Issue 10                                                                                                                                      
September 2016
The sea: it covers 71% of the earth's surface and its pull is so strong, some say, it can turn the minds of engineering history enthusiasts...

Whether that's true or not, as summer draws to a lingering close we dedicate this issue of engineering-timelines newsletter to our seas and oceans: in particular, to engineers' long history of building better ways to cross the water and find safe harbour abroad and at home.
Examining all things nautical from historic harbours to vessels of the future
Pillars of the Georgian Boathouse and Sail Loft in Nelson's Dockyard, billed as "the only working Georgian dockyard in the world". The original two storey building was damaged by an earthquake in 1845 and lost its roof in a hurricane in 1871.

photo : copyright

Nelson's Dockyard, set in Antigua's spectacular English harbour, was listed by UNESCO as a world heritage site earlier this year - click here to see the full list.

Although it is named after Admiral Nelson, who lived there from 1784-87, construction began forty years before his arrival. The dockyard was designed by nameless British Navy engineers and built using slave labour, as noted by UNESCO. Almost 100 years later, Antigua was the first Caribbean Island to enact the emancipation of slaves following the Abolition of Slavery bill in London in 1833.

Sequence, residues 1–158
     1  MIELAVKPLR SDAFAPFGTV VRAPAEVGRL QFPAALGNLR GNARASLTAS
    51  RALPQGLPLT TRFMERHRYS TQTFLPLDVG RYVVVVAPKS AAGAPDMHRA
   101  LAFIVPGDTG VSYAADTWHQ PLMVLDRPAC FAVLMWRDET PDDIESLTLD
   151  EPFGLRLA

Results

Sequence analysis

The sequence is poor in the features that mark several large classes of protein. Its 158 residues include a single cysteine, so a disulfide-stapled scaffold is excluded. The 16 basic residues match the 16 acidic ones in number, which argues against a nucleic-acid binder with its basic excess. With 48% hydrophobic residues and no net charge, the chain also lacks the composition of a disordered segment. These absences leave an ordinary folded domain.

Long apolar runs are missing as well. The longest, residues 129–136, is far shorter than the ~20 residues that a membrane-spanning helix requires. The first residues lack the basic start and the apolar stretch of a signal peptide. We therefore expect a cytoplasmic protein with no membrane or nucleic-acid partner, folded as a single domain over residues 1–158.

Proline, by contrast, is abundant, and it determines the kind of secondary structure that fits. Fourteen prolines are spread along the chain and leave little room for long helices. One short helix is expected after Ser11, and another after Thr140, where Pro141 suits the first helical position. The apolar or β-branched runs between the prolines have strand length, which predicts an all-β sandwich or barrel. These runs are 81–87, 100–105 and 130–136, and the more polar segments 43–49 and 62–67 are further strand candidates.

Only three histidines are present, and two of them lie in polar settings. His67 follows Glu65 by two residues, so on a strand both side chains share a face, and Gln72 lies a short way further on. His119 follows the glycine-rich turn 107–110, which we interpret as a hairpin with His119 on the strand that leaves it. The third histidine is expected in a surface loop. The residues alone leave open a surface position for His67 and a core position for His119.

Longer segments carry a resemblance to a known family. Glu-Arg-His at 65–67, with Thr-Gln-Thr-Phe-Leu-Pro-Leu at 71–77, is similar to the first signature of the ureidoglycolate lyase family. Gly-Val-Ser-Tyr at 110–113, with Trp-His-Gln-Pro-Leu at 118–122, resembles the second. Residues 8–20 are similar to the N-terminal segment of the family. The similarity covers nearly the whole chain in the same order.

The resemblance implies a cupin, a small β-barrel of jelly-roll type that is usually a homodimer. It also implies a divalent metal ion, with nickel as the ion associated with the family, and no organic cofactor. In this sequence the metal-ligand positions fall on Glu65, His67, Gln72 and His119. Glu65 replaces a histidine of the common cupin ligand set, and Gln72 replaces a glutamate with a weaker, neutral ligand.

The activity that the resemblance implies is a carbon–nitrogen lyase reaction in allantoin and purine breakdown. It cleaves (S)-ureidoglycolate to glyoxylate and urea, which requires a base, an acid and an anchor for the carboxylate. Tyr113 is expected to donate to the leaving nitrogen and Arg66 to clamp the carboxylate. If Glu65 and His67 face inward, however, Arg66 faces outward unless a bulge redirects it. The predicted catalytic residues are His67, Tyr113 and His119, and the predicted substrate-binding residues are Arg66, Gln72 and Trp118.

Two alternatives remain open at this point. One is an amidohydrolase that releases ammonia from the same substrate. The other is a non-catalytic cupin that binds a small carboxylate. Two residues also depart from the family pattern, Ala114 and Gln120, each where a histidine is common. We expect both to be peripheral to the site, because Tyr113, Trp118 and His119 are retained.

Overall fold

The anonymity of those naval engineers in Antigua illustrates the significance of their contemporary, John Smeaton, describing himself as a "civil" engineer (see engineering-timelines for a short biography). Smeaton, credited as one of the founders of the profession, designed more harbours than any other category of scheme, yet only nine of these designs were ever built - highlighting the difficulty of funding such major works outside a military or naval context.

One surviving example is Ramsgate Harbour (see engineering-timelines), designed by William Etheridge but modified and improved by Smeaton from 1774.  The owner of Michael's Bookshop in Ramsgate has kindly used his blog, thanetonline, to provide Smeaton's complete report on the Harbour, including plans: take a look here .